muumi | Jun 2, 2019 |
Loved this book. Can't remember the last time I was so engrossed in a novel! Oh wait - I can. It was "the Secret History" by Donna Tartt... ( )
  Antonio_Arch | Mar 14, 2019 |
Having read freud and Jung it was interesting to see them in flesh and blood as characters who play a part in solving the mystery. ( )
  ashkrishwrites | Aug 29, 2018 |
Showing 1-5 of 92 (next | show all)
With the stolid and difficult Freud as anchor of his narrative, Rubenfeld takes the reader on a beguiling tour of the opium dens of Chinatown, the haunts of the rich at Gramercy Park and even the subterranean construction site of the Manhattan Bridge under the East River. If he lacks the rigour of a more experienced novelist in fusing the disparate elements in his narrative, his admiration for the troubled Freud carries all before it. When he was studying Freud as a young man, Freud's reputation was in flux, but Rubenfeld was always ready to defend his hero. That enthusiasm is the wellspring of this uneven but dazzling novel.
added by KayCliff | editIndependent, Barry Forshaw (Sep 27, 2006)
THIS much-hyped debut novel, a historical thriller by Jed Rubenfeld, a Yale law professor, deploys the surefire “Da Vinci Code” formula: titillation plus high-culture trivia. Alternating scenes of erotic asphyxiation with references to Copernicus and Hegel, “The Interpretation of Murder” takes as its subjects Sigmund Freud’s 1909 visit to America and a series of attacks on young society women. The result is both smutty and pretentious....The novel is difficult to put down. Its ironclad, cliffhanger-rich, shooting-script structure makes it a page turner, as do the breathlessly described episodes of oral sex, “CSI”-style forensics and cinematic violence. But, as with a jaw-droppingly bad movie, just because it’s riveting doesn’t mean it’s pleasurable.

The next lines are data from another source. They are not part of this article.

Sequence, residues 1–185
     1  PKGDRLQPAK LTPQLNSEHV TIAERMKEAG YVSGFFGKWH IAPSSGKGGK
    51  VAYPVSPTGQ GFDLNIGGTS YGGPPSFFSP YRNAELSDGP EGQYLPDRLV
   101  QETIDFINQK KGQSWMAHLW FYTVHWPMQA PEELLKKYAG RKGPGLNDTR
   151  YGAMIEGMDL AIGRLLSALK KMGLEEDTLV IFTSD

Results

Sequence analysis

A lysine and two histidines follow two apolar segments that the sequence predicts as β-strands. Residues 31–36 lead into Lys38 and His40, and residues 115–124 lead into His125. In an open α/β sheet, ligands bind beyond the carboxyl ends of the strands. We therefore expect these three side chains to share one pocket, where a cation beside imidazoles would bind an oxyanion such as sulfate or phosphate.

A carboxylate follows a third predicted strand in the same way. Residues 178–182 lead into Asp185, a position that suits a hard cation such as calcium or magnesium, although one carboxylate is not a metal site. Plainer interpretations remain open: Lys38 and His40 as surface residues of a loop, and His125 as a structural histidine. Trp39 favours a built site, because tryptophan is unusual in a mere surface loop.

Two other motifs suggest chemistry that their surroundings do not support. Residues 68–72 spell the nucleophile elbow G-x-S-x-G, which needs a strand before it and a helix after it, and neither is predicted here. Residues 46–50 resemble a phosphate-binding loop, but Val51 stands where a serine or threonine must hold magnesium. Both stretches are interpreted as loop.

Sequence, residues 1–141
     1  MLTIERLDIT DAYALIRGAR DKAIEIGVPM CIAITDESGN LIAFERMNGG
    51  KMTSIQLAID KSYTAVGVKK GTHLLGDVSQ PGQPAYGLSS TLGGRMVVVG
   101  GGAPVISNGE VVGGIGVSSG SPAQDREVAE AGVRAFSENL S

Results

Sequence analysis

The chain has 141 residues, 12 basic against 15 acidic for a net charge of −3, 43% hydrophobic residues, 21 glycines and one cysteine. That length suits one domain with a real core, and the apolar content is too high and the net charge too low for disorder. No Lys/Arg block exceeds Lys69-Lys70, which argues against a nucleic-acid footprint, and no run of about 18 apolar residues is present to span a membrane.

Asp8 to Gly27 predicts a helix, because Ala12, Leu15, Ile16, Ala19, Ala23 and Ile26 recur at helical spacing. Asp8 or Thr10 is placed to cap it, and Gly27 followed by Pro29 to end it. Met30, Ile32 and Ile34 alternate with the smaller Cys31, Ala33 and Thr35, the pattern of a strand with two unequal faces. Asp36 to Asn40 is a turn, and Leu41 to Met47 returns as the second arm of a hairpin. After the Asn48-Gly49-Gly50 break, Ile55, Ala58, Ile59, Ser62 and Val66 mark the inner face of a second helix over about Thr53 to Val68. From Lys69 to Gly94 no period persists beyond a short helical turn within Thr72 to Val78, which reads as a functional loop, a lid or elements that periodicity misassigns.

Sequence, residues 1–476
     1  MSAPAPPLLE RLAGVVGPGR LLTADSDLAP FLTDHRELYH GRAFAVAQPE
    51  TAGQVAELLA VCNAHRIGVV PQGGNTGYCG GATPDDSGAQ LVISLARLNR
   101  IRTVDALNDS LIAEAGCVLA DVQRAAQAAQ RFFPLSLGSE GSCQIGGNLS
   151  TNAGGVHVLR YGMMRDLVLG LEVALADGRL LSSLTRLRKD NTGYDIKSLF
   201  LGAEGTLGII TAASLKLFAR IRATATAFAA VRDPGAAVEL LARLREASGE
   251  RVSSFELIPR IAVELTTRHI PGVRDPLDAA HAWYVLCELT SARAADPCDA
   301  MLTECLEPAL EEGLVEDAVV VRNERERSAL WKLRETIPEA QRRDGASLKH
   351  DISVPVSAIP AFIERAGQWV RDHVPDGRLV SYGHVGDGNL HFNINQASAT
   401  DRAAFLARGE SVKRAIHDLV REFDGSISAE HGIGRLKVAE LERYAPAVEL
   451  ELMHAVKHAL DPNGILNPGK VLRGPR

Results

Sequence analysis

added by KayCliff | editNew York Times, Ada Calhoun (Sep 17, 2006)
New York debutantes are not the only potential victims of strangulation in this much-lauded but over-complex novel based on Freud's visit to America in 1909. Professionally, the visit was a success, and Freud's subsequent aversion to all things American has never been explained. Jed Rubenfeld's solution to this mystery involves society balls and mysterious Chinamen, decompression problems in the building of the Manhattan Bridge, vanishing corpses, the breakdown of Freud's relationship with Jung, power struggles between the mayor and Tammany Hall, two secret passages, an enigmatic cabal, bondage, flagellation, murder, and much, much more. Too much, in fact. However, a book which might have been an impossible tangle is held together by the enthusiastic intelligence of the author, who has vividly evoked a city and a revolutionary movement just at the moment of their emerging greatness. Yet somewhere in its Freudian subconscious a simpler and perhaps stronger story of power, skulduggery and romance is struggling to get out.

» Add other authors (18 possible)

Author nameRoleType of authorWork?Status
Jed Rubenfeldprimary authorall editionscalculated
Zuppet, RobertaTranslatorsecondary authorsome editionsconfirmed

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Dr. Freud is called in when a young women and her parents are attacked by a killer and she can't remember the details of the attack.